PLATTSBURGH — Many statewide political observers believe Assembly and Senate incumbents could be vulnerable in this year's election, given the state's fiscal mess.
But State Sen. Betty Little is not deterred and will seek re-election.
"We all get painted with the same brush, but there are a lot of things that we don't have control over, and that makes it difficult," Little told the Press-Republican Editorial Board Thursday.
"But I understand people's anger and will be out listening and talking to people."
Little (R-Queensbury) said the business climate in the state needs to improve dramatically so businesses will continue coming to the state and those that are already here will stay.
Exorbitant fees, burdensome regulations and high taxes are driving business opportunities away, Little said.
"These kinds of things are really upsetting to people and making them wonder why they stay in New York. And a lot of these (fees and regulations) don't have any real purpose."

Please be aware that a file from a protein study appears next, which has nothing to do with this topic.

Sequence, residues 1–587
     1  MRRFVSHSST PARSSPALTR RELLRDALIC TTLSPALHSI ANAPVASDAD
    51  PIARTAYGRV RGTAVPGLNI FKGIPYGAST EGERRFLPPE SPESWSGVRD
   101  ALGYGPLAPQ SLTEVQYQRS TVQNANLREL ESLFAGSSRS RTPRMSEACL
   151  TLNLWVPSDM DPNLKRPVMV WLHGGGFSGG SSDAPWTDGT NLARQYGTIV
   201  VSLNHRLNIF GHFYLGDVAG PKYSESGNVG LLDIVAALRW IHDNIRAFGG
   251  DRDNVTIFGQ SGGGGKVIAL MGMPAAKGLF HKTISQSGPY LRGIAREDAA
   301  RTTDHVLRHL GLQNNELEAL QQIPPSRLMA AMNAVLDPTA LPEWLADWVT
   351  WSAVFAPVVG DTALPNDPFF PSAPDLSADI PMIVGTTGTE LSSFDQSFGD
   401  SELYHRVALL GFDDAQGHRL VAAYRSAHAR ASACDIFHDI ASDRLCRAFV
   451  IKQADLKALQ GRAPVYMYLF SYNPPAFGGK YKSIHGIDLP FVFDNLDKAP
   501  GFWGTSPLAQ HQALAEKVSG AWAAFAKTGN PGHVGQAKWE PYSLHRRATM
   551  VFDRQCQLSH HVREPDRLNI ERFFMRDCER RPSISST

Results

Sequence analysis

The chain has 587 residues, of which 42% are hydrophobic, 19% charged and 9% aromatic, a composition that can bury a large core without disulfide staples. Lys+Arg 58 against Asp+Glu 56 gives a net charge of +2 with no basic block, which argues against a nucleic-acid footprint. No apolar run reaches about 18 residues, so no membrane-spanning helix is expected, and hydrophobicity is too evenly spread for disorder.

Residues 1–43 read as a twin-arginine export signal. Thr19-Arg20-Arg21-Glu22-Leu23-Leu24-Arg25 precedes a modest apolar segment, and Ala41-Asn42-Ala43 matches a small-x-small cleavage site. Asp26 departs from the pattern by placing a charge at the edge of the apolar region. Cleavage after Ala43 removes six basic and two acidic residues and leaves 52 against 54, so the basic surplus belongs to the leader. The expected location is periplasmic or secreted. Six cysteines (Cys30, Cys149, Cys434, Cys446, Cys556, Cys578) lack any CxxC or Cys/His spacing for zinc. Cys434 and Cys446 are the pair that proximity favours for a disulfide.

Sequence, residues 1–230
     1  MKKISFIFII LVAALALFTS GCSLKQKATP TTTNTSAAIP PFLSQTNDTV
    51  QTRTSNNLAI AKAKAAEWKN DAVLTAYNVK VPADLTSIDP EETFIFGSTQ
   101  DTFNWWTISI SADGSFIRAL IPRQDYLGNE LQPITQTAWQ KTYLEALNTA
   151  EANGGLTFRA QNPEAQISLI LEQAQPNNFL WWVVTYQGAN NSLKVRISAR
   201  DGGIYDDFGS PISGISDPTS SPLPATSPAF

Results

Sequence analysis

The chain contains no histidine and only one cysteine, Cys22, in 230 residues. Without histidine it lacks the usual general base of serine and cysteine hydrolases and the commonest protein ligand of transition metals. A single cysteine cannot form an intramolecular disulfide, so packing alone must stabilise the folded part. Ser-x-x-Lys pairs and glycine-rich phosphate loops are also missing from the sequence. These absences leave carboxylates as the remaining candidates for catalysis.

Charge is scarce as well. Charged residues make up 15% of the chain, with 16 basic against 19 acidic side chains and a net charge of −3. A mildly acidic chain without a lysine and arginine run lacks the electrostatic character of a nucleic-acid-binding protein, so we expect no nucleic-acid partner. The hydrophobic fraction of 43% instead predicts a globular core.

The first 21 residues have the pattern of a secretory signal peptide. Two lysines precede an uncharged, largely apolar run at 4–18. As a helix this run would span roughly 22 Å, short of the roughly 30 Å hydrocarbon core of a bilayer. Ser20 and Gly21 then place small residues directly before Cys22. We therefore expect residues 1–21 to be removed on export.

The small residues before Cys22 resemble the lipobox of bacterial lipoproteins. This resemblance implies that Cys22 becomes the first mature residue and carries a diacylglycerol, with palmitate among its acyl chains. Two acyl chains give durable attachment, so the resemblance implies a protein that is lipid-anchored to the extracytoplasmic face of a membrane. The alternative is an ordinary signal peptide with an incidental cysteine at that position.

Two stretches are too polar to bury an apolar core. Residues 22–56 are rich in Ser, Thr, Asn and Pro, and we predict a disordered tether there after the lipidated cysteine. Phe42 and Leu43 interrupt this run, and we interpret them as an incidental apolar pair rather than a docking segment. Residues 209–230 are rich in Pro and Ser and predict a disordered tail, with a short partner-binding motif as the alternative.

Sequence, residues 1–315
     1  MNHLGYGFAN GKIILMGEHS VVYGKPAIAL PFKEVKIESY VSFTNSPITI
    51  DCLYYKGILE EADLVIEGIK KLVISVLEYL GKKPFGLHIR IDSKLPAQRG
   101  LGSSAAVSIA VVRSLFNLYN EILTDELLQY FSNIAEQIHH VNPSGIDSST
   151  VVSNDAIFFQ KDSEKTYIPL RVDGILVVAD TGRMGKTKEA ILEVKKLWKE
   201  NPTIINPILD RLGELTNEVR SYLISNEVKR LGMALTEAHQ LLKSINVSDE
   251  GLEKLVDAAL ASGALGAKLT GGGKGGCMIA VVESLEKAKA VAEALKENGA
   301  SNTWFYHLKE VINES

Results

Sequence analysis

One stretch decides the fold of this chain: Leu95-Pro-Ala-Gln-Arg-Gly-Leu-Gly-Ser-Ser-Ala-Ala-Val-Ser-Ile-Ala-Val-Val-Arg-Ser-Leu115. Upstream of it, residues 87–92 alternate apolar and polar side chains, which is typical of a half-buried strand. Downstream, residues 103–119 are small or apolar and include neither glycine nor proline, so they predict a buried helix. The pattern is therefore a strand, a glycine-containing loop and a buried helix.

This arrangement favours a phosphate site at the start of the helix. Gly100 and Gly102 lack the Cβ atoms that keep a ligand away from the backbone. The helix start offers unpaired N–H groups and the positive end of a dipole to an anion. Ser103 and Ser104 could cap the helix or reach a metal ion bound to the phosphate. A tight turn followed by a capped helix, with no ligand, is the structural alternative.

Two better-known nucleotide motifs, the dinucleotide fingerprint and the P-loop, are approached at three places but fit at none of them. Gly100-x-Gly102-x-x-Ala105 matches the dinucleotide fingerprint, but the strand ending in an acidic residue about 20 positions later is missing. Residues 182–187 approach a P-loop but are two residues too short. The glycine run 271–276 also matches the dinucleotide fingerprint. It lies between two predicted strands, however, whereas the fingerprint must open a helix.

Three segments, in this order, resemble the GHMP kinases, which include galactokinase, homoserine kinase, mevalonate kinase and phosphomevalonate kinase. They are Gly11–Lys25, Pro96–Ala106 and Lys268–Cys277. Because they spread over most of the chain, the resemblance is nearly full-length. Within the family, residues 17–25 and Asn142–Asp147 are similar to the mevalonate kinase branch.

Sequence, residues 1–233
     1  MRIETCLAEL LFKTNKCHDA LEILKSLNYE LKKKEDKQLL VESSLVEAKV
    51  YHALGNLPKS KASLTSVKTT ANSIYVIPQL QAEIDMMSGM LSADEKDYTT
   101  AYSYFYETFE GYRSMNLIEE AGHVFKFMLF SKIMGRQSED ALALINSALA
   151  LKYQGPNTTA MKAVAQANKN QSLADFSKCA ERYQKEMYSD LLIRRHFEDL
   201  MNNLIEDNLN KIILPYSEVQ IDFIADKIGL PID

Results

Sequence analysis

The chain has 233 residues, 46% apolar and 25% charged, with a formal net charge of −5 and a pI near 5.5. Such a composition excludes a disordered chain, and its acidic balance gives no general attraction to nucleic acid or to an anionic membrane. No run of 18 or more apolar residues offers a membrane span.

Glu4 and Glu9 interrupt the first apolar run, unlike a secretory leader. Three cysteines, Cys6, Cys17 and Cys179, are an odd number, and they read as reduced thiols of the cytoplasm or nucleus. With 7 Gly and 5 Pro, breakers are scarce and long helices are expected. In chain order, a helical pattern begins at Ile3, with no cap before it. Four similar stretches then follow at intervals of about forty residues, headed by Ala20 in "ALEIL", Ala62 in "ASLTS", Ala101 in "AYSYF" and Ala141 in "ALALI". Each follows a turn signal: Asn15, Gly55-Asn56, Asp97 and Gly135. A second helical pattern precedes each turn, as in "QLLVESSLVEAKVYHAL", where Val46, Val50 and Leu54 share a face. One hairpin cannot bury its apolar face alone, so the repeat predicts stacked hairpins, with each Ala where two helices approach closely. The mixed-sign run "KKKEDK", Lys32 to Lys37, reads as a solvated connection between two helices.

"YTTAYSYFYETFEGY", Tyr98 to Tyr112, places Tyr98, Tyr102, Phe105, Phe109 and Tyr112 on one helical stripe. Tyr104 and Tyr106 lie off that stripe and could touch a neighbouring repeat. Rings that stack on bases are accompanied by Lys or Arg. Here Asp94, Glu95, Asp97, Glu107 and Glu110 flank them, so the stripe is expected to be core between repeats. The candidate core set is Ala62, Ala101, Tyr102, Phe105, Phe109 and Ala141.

Republicans lost control of the Senate in the 2008 election for the first time since 1974. A Democratic power struggle last summer stalemated state government for about a month, causing frustration among many New Yorkers.
The recent corruption trial of former Senate Majority Leader Joseph Bruno, at which Little testified, also eroded voter confidence.
Little, who was first elected to the Senate in 2002, said she will battle on.
"You have ideas and you try to promote them, but to get them to the finish line (in the legislature) can be more difficult than it needs to be sometimes."
There is no Democratic candidate to challenge Little yet, Clinton County Democratic Party Chairman Martin Mannix said, but it is still early.
"I would think that anyone in the State Legislature would be vulnerable," he said.
"And I think Betty, and others in the Republican Party, will find some opposition within their own party."
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